Conspirator admits helping women pay test bribes

| 29/01/2019 | 0 Comments
Cayman News Service

Cayman courts, Grand Cayman

(CNS): A woman who has admitted her part in a conspiracy at the immigration department, in which people from Spanish-speaking countries seeking work permits pass their English test even though they don’t speak the language, told a court on Friday that she helped four of her relatives get jobs and organised bribes. She told them they would need to pay US$800 (CI$600) to one of the civilian defendants in this case to get through the test, but she said she never took any money herself.

The woman, who is from the Dominican Republic, was working at a George Town bar when she learned that a customer at the bar had helped her co-worker who couldn’t speak English to get through the test. Speaking through an interpreter, the cooperating witness told the court that she had then helped to get at least four other women through the tests through this other defendant, who was taking the payments directly from the women.

Most of the women appeared to be cousins of the co-conspirator, who said that she had shown their pictures to her boss and the owner of another George Town bar, both of whom had decided that the women in question were “pretty” and they would take out permits for them. In another case, the woman said she secured employment for a relative in a West Bay hair salon, where the owner had agreed to give the woman a job if she took care of the permit costs and other expenses herself.

The woman told the court that in all of the cases it was one of the defendants (who cannot be named for legal reasons but is also from the Dominican Republic) who had organised their tests and taken them to the airport after they had managed to defer their test times from arrival to a slightly later date.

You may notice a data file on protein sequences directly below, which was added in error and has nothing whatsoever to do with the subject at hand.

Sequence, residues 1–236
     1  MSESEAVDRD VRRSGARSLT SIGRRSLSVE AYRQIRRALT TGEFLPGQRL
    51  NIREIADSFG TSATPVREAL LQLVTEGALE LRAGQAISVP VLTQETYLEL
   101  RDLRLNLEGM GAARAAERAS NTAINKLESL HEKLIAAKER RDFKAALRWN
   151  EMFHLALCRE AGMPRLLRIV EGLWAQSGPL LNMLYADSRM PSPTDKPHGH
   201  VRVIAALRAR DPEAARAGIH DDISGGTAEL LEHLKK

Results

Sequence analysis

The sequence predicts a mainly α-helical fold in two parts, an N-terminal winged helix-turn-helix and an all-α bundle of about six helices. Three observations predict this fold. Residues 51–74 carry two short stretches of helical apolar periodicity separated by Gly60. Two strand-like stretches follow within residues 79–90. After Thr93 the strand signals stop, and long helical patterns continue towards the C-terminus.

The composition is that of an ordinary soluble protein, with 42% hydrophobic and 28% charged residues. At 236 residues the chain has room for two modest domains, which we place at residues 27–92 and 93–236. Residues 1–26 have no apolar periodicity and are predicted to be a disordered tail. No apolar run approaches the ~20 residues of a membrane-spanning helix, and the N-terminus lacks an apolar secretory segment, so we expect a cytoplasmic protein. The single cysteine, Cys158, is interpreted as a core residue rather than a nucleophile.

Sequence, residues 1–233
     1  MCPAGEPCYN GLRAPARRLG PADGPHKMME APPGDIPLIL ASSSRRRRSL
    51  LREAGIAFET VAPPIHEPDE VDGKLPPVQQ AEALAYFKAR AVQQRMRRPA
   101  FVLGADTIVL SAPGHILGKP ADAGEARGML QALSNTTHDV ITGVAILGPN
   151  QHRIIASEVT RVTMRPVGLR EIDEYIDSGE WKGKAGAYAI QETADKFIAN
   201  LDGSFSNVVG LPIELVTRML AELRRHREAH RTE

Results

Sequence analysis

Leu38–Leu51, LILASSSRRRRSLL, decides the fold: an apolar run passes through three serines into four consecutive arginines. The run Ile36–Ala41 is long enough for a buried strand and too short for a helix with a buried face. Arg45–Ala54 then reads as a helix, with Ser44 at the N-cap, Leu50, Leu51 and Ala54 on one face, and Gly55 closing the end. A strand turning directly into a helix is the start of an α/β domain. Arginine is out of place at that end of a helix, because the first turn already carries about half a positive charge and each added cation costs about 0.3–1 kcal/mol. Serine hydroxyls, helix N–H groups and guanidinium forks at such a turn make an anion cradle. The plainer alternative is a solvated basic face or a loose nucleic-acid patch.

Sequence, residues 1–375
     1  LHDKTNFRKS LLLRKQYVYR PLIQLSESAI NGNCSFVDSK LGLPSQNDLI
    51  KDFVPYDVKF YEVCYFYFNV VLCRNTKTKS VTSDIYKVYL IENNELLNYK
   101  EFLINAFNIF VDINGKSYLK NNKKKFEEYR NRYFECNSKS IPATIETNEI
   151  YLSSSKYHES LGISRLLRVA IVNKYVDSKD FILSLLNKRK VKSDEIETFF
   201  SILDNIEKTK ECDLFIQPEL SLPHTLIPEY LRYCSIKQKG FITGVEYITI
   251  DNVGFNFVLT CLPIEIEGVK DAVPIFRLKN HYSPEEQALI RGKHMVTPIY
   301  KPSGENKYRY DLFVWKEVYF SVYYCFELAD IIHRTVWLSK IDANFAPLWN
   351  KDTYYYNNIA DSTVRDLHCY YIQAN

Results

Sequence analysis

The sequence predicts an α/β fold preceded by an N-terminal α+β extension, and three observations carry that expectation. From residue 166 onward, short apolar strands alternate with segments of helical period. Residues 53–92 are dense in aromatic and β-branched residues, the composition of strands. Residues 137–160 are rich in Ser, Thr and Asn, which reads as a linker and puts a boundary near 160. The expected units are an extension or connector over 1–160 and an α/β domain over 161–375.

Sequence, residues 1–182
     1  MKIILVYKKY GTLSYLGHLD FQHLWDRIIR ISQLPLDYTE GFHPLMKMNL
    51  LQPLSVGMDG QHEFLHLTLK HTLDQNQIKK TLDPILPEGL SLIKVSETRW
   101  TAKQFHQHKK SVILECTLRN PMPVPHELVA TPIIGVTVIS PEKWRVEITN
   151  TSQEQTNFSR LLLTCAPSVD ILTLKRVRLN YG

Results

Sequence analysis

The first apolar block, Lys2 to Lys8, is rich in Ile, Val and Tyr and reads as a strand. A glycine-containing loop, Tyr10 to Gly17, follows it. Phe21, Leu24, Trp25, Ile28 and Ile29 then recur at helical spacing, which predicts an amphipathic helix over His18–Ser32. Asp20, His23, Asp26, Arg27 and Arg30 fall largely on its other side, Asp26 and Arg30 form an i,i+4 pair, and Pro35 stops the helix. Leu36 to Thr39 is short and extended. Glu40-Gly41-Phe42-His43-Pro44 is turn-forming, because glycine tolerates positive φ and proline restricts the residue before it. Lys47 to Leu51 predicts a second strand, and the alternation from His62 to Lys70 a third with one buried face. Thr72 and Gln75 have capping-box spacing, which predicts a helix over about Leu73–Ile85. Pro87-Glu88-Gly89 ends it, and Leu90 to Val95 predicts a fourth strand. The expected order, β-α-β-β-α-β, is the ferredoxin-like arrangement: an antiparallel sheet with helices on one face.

She said all of the woman paid him directly when he collected them in a black SUV and she did not take any of the cash. She told the court that before any of relatives had arrived in Cayman, she had made it clear the money was to be given to the man arranging the tests and not her.

Explaining how the arrangements were made, she said the man told her he had a contact at immigration and whenever she needed to get someone through the test, she just had to message him via WhatsApp or call him with the details of the women and when they were arriving. The man had also told her that the women should give him the money when they were picked up to go for their tests.

The woman also made it clear that none of the women she introduced to the defendant could hold a conversation in English, and in one case the woman knew no English at all.

The case continues.

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Category: Courts, Crime

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